After a dispute over the South China Sea claims, China and Vietnam agreed to strengthen ties on Tuesday (12 December) and create a community that has a “shared” future, three months after Hanoi improved its formal relations with America.
On Chinese president Xi Jinping’s first visit Hanoi in six years, both countries announced 37 agreements, including those on diplomatic ties and railways.
Analysts and diplomats say that the improvements in relations may be more symbolic rather than real, as China and the United States compete for influence in this strategic nation.
Vietnam has agreed to “support” the initiative to build a community for a shared future of humanity, according to a statement presented to reporters by sources on Tuesday. China was said to have been pushing this. The joint statement will be signed formally on Wednesday.
Officials and diplomats say that the countries’ diplomats debated “shared future” for months after Hanoi initially resisted using it.
In English and Vietnamese, the term “common future” is used instead of “common destiny”, which can be viewed as less demanding.
A diplomat in the Vietnamese capital commented on the meaning of the phrase by saying “One declaration many translations”.
Le Hong Hiep said that the upgrade in diplomatic relations is symbolic. He is a specialist on Vietnamese strategic and political matters at Singapore’s Iseas Yusof Ishak Institute.
He said that Vietnam’s distrust of China is deep and there’s little or no “shared destiny” between the two nations as long as China continues its claim to the South China Sea.
The neighbours, despite their close economic ties have had a long history of conflict over the South China Sea’s boundaries.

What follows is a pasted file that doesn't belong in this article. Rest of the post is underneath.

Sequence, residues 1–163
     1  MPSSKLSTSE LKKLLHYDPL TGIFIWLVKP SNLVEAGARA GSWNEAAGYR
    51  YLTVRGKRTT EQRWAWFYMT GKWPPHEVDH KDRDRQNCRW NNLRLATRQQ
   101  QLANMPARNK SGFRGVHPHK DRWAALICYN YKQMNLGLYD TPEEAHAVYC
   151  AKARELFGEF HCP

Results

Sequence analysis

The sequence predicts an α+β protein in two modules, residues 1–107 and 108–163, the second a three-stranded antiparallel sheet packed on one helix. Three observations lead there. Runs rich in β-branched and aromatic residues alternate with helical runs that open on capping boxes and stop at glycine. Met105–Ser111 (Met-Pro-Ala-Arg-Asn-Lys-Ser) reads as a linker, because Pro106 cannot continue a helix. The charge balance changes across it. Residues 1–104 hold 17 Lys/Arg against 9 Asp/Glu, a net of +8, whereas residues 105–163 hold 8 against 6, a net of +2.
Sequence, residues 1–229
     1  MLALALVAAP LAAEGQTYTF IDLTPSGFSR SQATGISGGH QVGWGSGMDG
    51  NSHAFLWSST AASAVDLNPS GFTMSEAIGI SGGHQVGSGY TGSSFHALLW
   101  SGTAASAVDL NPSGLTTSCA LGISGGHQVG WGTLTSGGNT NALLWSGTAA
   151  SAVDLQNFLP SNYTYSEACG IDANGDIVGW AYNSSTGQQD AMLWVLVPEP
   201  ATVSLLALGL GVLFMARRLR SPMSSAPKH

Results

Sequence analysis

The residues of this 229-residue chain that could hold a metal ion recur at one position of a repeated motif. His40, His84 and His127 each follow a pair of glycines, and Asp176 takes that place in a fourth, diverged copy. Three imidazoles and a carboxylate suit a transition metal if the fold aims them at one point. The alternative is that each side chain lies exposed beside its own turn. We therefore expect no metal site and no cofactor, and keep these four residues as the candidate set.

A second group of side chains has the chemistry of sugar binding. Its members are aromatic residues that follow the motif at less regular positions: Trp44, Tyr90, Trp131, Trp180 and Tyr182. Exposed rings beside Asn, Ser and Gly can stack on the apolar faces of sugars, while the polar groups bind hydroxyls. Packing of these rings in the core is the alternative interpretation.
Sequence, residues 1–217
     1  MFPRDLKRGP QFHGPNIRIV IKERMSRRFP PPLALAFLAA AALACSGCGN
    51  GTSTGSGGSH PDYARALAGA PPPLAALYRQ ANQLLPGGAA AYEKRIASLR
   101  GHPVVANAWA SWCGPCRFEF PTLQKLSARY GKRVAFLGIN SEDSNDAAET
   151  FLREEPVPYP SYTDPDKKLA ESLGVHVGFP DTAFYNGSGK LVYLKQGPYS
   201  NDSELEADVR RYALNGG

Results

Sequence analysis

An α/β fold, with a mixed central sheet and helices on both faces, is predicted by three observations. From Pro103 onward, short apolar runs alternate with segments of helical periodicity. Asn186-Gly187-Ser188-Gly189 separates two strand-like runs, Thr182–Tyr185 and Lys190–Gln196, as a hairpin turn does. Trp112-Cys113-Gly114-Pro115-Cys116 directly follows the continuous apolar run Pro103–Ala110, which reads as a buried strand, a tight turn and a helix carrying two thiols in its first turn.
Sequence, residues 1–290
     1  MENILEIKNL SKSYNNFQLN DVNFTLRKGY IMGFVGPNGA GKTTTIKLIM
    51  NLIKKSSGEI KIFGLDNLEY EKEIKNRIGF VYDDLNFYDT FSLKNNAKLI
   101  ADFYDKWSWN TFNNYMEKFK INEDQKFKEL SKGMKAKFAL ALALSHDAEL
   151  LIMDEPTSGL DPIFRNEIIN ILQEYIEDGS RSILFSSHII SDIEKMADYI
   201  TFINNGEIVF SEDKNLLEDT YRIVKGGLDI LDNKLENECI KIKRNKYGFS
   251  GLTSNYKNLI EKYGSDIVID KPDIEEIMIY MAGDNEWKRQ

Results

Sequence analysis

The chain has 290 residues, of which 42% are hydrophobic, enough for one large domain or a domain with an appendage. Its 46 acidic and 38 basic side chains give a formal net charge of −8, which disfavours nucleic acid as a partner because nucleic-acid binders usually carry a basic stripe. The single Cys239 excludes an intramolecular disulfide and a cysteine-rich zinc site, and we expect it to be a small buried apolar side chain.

According to the agreement, in a possible sign of de-escalation they have signed two agreements of cooperation for joint patrols of the Tonkin Gulf and the South China Sea, as well as to establish a hotline that will handle incidents involving fisheries.
According to a Vietnamese official, this was less than the 45 originally proposed and it missed out on agreements on rare earths and critical minerals, on which Xi had urged greater cooperation in an article published Tuesday in a Vietnamese government newspaper.
Two memoranda were signed on the development of rails across borders, one of which mentioned developing aid.
Both countries’ top officials have urged the development of a rail connection between the Chinese city of Kunming in the south and the Vietnamese port of Haiphong in the north, which passes through regions of Vietnam rich in rare-earth minerals.
China’s ambassador in Vietnam, Xiong Bo, said this week that Beijing is ready to offer grants for the development of rail connections. However, the amount and terms of any possible loans remain unclear.
Beijing is looking to integrate its northern supply chain network with the southern one, where Chinese companies are moving their operations.
The Belt and Road Initiative of China (BRI) would be expanded by a stronger rail network, which would allow components to be imported from China and assembled in Vietnam.
The Hanoi Metro is the only project in Vietnam to receive BRI loans. It hasn’t been labeled as a part of the initiative because the leaders are often battling widespread anti-Chinese sentiment.
Both countries have agreed to promote jointly the “two-corridors, one-belt” initiative. This is the Vietnamese name for the infrastructure projects that China supports.
Xi’s visit will also boost plans for the Digital Silk Road. The two countries have signed several agreements to collaborate on telecommunications, digital economy and other areas.
Officials have not revealed the content of the agreement, but they had stated that the increased cooperation in telecoms could include digital infrastructure like 5G networks and underwater optical fibre cables.